I ask Kramer if he’s any good at bowling, since that’s the centerpiece of the fundraiser. He says he hasn’t bowled in years, but then recalls a time several years ago when a group of friends wanted to roll a few games.

“I threw a 290,” Kramer says of a score that’s one strike short of a perfect 300. “That was the first time I had bowled in 10 or 15 years. I can throw it down the lane. It’s like a nice, flat putt. You should make all of them.”

The “Two-Minute Tommy” nickname goes back to high school, he says, when seemingly every big game during his first year as the varsity starter for Robert E. Lee High went down to the wire — including a 28-27 victory in the state title game at Texas Stadium, a game still revered in Texas high school football lore.

From there Kramer starred in college for Rice before being chosen No. 27 overall in the first round of the 1977 draft by the Vikings. The Packers had the No. 28 pick in that draft, and Kramer said Thursday that they had called him to tell him they were going to choose him. Instead, the Vikings took him one pick earlier.

“Imagine that,” Becker says. “The Packers would have had 40 years of great quarterbacks in a row instead of 25.”

“Great” doesn’t seem like the right word to describe the 1980s Vikings often quarterbacked by Kramer, but “memorable” is a good fit. If you thought the quarterback shuffling of recent Vikings vintage (including this year) was something, it was nothing like the flip-flopping between Kramer and Wilson in the late 1980s. “That all stemmed from my injuries,” Kramer says.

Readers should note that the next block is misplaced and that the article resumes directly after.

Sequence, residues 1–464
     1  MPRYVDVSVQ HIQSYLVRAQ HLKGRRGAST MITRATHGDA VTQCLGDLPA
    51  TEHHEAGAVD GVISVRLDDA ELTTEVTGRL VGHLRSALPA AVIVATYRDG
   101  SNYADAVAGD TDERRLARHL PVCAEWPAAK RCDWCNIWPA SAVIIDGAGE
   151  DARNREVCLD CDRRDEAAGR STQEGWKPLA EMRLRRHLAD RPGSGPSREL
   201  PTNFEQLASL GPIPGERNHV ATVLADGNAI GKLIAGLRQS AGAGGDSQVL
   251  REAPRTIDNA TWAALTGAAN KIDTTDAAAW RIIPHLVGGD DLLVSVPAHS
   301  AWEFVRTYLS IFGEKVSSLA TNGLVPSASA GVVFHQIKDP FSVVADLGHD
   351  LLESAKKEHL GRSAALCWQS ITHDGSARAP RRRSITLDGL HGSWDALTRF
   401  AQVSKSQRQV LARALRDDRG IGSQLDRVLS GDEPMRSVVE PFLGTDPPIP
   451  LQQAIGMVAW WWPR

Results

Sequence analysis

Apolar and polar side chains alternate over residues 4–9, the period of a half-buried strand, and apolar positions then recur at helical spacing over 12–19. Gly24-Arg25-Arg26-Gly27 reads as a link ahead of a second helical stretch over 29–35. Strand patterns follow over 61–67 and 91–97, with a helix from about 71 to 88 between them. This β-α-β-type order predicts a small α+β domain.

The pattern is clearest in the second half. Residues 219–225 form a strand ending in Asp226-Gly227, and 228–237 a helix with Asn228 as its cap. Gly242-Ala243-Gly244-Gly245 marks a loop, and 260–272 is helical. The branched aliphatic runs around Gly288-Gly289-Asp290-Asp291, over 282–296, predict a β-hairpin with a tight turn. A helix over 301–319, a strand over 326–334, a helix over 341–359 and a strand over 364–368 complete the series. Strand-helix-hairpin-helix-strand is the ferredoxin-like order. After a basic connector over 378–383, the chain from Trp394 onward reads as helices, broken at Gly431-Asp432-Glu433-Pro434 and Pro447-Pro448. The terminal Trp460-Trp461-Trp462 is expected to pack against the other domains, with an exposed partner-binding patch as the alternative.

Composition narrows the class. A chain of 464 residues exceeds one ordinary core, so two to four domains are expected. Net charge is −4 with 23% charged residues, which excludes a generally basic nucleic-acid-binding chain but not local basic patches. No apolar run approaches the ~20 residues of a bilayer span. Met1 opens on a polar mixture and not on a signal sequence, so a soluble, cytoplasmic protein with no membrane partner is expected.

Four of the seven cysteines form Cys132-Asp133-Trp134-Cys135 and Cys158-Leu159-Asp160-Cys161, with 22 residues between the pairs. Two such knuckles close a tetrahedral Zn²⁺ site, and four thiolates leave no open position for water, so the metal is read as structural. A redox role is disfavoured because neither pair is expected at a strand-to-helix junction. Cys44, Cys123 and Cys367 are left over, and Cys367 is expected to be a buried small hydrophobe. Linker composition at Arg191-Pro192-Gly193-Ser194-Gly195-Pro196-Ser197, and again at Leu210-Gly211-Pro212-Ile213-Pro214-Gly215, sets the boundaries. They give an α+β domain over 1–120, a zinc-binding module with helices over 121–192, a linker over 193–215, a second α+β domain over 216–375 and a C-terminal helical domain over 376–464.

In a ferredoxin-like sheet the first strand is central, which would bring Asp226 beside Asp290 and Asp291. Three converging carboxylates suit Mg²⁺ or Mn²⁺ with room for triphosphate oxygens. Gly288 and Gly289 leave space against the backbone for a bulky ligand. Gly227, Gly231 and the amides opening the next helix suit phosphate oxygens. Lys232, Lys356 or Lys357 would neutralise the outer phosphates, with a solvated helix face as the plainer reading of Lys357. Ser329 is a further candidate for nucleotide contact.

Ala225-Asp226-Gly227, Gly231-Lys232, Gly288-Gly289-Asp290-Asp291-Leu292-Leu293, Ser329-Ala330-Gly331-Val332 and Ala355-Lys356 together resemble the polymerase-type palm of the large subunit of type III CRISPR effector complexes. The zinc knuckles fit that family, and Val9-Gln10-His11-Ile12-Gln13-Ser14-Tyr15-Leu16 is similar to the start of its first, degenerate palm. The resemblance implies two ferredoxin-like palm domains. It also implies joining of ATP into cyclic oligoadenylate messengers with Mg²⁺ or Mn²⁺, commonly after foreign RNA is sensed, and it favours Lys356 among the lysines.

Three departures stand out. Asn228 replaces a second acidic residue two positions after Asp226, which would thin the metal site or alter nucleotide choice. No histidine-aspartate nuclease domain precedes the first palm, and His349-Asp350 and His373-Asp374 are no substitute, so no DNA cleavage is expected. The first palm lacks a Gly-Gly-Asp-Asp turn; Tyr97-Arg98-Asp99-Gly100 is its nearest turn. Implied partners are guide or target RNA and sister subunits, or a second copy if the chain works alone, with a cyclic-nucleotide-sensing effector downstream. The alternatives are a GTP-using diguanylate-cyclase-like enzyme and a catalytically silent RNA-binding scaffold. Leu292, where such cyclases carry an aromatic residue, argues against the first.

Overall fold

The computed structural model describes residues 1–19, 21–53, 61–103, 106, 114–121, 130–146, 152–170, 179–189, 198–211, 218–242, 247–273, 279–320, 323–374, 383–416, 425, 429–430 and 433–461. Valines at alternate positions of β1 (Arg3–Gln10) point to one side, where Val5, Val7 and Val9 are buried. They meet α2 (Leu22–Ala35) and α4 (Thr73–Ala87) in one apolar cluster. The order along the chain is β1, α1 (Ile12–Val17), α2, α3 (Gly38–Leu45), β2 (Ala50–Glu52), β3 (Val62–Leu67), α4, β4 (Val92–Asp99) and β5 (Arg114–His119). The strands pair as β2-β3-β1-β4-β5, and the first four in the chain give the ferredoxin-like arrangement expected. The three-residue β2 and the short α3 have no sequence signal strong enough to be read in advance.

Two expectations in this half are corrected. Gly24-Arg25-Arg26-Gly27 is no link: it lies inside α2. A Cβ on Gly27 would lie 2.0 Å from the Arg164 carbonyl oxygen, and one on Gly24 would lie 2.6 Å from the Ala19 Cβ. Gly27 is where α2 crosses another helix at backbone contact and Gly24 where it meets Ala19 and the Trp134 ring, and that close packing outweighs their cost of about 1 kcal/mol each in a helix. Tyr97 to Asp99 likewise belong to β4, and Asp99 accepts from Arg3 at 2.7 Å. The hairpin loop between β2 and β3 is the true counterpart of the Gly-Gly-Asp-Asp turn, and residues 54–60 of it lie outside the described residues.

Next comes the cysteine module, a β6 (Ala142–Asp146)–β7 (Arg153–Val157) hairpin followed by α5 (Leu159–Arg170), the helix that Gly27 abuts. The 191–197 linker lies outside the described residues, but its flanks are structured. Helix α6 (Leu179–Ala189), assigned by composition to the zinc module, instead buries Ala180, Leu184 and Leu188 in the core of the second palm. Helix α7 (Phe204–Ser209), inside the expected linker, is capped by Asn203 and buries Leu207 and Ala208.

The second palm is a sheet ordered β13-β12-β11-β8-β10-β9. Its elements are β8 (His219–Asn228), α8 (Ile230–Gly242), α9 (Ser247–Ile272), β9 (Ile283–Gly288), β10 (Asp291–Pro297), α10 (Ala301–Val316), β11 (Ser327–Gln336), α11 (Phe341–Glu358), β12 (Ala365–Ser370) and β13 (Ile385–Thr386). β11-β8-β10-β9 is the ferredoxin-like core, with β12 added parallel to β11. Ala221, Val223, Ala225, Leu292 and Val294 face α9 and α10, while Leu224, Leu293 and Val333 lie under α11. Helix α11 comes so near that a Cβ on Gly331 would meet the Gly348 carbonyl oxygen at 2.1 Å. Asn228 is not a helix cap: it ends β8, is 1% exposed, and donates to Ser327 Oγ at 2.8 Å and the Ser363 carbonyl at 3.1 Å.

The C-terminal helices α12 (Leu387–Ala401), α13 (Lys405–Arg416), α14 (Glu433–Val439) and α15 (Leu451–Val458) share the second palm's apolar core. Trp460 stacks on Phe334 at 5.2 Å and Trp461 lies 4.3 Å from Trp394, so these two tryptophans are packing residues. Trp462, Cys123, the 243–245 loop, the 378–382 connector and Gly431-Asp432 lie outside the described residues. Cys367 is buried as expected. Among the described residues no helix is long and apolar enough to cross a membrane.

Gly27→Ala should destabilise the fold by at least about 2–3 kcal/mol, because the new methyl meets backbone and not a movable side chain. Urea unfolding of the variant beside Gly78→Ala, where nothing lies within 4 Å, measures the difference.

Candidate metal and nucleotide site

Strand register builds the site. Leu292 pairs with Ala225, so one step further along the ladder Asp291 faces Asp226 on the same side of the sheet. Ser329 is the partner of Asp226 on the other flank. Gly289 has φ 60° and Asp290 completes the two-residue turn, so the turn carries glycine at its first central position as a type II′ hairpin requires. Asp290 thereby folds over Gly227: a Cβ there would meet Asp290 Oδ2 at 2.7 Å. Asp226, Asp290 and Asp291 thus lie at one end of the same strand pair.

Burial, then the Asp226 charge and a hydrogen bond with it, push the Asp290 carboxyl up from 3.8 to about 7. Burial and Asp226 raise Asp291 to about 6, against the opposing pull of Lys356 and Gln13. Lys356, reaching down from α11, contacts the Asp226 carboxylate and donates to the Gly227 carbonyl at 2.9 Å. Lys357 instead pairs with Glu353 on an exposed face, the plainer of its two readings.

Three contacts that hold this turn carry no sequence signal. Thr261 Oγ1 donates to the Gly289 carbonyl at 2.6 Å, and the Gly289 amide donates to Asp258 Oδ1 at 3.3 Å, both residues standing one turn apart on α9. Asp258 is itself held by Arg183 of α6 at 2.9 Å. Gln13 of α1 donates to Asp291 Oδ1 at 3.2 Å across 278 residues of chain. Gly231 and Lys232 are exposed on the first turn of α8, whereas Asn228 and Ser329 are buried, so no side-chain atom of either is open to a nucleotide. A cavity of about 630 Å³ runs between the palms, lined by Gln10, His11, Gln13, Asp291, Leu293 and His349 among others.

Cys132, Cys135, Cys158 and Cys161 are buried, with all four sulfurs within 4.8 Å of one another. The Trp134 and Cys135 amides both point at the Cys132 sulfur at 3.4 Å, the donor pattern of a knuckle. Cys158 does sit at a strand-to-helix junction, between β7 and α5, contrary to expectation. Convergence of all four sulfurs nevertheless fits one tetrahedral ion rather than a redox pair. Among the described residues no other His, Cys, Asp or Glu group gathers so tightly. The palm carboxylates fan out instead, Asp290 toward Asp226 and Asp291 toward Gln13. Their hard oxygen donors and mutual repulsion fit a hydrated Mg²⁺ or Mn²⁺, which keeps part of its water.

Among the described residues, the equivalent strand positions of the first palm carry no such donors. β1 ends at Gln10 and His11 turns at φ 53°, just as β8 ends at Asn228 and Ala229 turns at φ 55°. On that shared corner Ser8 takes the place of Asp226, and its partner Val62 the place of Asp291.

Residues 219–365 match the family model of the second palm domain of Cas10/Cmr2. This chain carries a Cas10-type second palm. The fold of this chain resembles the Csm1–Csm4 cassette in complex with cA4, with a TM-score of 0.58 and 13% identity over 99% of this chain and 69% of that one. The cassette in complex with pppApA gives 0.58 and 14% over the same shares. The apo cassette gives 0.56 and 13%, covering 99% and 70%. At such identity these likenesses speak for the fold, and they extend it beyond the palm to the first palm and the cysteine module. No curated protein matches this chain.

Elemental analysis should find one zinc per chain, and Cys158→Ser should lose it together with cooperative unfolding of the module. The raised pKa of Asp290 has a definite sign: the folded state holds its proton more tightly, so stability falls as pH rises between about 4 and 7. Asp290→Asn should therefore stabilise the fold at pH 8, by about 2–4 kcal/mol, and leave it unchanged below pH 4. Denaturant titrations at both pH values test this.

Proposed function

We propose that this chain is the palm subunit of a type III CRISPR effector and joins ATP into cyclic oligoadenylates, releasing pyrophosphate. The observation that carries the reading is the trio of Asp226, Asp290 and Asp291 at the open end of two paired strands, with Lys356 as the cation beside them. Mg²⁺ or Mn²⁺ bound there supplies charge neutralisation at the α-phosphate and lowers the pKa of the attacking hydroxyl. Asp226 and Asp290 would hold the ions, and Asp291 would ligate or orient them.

When Kramer was healthy and dialed in, though, he was a sight to behold. That six touchdown game against the Packers — which Kramer dedicated to his mother, who had been diagnosed with lung cancer not long before the game — was the perfect example. With this being Vikings-Packers weekend and Kramer planning to attend Sunday’s game at U.S. Bank Stadium, he’ll surely get plenty of chances to reminisce about it.

The Vikings won the game 42-7, with Kramer throwing five first-half touchdowns and one early in the second. Head coach Jerry Burns took him out to preserve his health; Kramer remembers cursing at his coach, telling him, “Burnsie, I could have had 10 touchdowns!”

Kramer tells me he was “20 of 23 with three drops” that day.

Pro Football Reference says he was 16 of 25 and doesn’t say how many drops there were.

But what are you going to believe and what do you want to believe: The archives or the memories?